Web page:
This caught my eye, even though I would prefer “uplifting fantasy.” I’m probably not going to be all that interested in “uplifting fiction.” Still:
Sometimes the best thing a book can do is make you feel good. This spring has many such titles coming out, from a romantic comedy by Curtis Sittenfeld called Romantic Comedy to books about bookstores, comebacks, and more.
A RomCom called Romantic Comedy! That is funny. It reminds me of Scalzi’s Star Trek parody called Redshirts.
Ensign Andrew Dahl has just been assigned to the Universal Union Capital Ship Intrepid, flagship of the Universal Union since the year 2456. It’s a prestige posting, with the chance to serve on “Away Missions” alongside the starship’s famous senior officers.
Life couldn’t be better…until Andrew begins to realize that (1) every Away Mission involves a lethal confrontation with alien forces, (2) the ship’s senior officers always survive these confrontations, and (3) sadly, at least one low-ranking crew member is invariably killed. Unsurprisingly, the savvier crew members belowdecks avoid Away Missions at all costs. Then Andrew stumbles on information that transforms his and his colleagues’ understanding of what the starship Intrepid really is…and offers them a crazy, high-risk chance to save their own lives.
I should mention, I listened to Redshirts in audio format, which made the repetitive sentence structure and dialogue tags as annoying as fingernails on a blackboard until I managed to quit focusing on those aspects of the prose. Here’s my post about dialogue tags, which I wrote partly because this book made me notice the role of sentence structure in making dialogue tags obtrusive.
But back to the topic: Uplifting fiction! Sure, what do we have here?
Sally Milz loves her job as a comedy writer on the late-night show The Night Owls, where she skewers all things love and romance in her sketches. When her average-looking (and admittedly geeky) coworker Danny begins dating a beautiful, famous actress, Sally writes a skit about how frequently such a phenomenon occurs for men — but not in the reverse. Pop star Noah Brewster’s guest appearance on the show throws off all of Sally’s preconceived notions about relationships, and might change her mind about swearing off love, especially when it’s found in unconventional places.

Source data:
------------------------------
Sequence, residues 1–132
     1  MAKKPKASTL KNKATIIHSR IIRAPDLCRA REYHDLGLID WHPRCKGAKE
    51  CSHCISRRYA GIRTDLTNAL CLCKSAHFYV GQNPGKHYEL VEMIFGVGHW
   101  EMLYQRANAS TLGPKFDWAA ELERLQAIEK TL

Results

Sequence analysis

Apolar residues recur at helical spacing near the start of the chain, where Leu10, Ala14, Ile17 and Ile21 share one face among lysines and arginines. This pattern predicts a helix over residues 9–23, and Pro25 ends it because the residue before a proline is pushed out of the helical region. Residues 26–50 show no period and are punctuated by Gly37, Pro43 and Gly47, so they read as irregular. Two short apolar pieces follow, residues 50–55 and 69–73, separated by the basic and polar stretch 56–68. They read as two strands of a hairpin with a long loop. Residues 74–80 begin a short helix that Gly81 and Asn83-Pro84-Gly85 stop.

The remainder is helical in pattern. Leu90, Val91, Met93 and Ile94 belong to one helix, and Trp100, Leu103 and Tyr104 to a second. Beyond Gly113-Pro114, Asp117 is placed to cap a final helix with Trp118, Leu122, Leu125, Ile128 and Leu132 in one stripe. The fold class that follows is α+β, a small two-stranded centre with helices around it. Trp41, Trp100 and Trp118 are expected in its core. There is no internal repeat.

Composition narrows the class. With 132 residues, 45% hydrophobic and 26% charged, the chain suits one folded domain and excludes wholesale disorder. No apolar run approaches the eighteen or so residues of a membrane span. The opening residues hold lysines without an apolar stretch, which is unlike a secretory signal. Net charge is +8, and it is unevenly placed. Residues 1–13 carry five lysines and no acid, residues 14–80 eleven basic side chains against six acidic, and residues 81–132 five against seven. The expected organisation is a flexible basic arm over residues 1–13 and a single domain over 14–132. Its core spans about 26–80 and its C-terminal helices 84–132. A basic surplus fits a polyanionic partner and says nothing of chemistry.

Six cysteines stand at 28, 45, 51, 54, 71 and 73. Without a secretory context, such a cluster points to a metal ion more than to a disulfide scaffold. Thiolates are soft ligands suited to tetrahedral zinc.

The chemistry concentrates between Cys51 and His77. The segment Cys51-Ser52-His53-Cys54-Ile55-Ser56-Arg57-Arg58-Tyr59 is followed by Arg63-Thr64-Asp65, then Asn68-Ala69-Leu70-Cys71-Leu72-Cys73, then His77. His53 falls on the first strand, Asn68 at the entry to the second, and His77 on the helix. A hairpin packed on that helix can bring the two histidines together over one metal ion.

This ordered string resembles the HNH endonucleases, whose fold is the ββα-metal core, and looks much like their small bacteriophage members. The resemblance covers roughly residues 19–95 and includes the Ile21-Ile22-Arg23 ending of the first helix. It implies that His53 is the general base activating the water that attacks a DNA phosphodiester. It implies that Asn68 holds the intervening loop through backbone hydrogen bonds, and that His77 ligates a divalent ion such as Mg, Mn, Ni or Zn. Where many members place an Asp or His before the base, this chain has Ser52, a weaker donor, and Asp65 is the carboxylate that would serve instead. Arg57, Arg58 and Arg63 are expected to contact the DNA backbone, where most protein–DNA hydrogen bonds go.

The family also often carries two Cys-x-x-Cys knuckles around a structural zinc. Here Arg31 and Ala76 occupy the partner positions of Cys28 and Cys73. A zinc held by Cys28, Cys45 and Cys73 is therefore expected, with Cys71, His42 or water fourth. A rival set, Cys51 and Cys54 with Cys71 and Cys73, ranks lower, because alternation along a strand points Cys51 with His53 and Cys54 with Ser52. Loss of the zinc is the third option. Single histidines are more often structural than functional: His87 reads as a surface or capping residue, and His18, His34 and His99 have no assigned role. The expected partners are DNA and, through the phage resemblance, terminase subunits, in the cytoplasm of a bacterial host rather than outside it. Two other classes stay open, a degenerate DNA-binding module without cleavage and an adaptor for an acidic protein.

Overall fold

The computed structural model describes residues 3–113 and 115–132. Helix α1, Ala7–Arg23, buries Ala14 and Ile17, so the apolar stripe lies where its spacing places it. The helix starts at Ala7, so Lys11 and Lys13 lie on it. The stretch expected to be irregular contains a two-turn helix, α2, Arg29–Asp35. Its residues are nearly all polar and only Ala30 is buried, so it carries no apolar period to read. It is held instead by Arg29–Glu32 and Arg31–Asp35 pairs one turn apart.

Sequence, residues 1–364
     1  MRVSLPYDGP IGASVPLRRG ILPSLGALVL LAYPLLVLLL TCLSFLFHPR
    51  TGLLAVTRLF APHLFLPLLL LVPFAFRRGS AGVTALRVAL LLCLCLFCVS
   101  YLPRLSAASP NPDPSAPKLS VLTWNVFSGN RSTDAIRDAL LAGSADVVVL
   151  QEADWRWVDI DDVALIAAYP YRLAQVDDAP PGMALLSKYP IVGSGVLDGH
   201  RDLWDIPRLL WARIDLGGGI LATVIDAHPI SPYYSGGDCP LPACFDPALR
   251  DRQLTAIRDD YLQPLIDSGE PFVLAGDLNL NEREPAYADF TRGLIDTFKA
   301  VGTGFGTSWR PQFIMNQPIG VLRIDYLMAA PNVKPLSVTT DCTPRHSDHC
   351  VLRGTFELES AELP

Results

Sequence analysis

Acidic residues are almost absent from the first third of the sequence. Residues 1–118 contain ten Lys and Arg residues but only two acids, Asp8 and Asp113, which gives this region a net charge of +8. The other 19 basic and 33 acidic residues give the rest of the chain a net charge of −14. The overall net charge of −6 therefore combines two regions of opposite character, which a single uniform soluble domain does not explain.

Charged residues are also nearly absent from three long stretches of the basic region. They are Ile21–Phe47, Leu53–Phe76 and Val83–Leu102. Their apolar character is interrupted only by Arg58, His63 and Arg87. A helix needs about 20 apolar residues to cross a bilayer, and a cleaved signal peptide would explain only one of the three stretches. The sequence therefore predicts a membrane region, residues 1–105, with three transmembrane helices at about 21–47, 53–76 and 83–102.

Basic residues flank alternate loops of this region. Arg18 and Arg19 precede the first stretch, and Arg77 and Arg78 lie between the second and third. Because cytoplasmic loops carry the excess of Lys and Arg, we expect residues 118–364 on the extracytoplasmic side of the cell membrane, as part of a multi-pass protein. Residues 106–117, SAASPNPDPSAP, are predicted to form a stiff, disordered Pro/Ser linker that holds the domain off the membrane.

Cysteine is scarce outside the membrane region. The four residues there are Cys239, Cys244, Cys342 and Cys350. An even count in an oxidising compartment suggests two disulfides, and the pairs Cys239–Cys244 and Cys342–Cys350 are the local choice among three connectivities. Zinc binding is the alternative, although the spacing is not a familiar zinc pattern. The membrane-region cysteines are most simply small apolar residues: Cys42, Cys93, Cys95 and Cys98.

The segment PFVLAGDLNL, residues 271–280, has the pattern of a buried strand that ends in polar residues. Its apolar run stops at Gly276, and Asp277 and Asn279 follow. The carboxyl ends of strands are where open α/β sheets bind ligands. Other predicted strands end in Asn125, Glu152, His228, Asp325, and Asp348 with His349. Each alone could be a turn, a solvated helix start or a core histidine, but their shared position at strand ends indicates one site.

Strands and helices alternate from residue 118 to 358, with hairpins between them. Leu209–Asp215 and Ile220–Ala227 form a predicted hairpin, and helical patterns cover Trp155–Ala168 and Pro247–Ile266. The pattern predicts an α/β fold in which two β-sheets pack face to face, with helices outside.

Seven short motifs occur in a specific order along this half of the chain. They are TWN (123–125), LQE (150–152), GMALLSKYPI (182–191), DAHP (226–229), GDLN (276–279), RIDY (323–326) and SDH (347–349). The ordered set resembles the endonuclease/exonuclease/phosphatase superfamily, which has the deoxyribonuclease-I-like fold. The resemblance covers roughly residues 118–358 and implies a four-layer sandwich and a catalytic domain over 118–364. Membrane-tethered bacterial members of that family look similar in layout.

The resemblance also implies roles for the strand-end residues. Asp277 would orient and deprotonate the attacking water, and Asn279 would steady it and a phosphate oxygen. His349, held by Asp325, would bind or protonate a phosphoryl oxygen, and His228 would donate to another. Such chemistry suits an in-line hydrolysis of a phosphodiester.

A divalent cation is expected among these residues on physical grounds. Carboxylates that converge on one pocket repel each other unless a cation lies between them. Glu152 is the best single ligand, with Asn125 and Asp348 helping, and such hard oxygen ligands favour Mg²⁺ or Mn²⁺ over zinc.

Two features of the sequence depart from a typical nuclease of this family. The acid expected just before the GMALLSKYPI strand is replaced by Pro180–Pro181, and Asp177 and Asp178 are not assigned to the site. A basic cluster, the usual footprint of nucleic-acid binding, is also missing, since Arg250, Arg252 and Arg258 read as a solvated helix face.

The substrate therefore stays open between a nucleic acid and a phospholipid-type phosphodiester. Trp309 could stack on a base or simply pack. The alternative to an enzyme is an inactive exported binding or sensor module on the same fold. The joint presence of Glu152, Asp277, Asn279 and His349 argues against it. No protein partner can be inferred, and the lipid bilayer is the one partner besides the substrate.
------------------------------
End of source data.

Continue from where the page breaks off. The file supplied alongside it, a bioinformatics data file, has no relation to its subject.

This sounds fine, but you add too much comedy to your romance and it starts to strike me as overly silly. What do we have besides RomCom?
Well, there’s this:
This retelling of Little Women is filled with heartbreak and hope. Celine’s beloved daughter, Libby, passed away two years ago, and the grief still hasn’t subsided. When she unexpectedly wakes one morning living in an alternate reality without the husband and children she knows, she must learn to process the trauma she’s faced and find a way to the life she really wants to live.
Wait, this is uplifting? How is this uplifting? To live your best life, the life you really want to live, all you need to do is ditch your family? Is anyone else recoiling at this idea?
Here’s the full description from Amazon:
It’s been two years since Celine lost her daughter Libby. Desperate to escape her grief, Celine throws herself into her work, determined to be the strong, capable woman the world believes her to be. But there’s no fooling her family. A shocking intervention brings an impossible choice: confront her grief or risk losing the family she still has. Reeling, Celine wonders what her life would have been like if she’d chosen her first love instead of her husband and avoided this pain altogether. Celine wakes the following day and is shocked to realize that what-if has become reality. She’s with her high school sweetheart, her daughters aren’t quite her daughters, and her home is being rented by the daughter she thought she’d lost forever. As she reconnects with Libby in this parallel world, Celine is forced to face the problems in her real life: her unwillingness to move forward, the tension that’s always rocked her family, and the hard truth that not everything can be fixed by a mother’s love.
Okay, this isn’t quite as awful, given the “daughter she’d thought she’d lost” is now back in the picture. But overall, this book continues to look like the opposite of uplifting.
I’m now suspicious of this entire list. Whoever chose the books for it, not sure we have the same definition of “uplifting.” I’m going back to the list now to look cautiously at the rest of the entries and see if anything actually looks appealing. Let me see … all right:
Oliver Darkshire is kept busy by his job at the Henry Sotheran Ltd. bookstore, selling and preserving first editions of rare books. The bookstore has seen centuries of history, and the books and people who enter leave indelible marks on the building and its workers. Readers say this colorful, captivating book is a tribute to reading as well as to unique bookstores.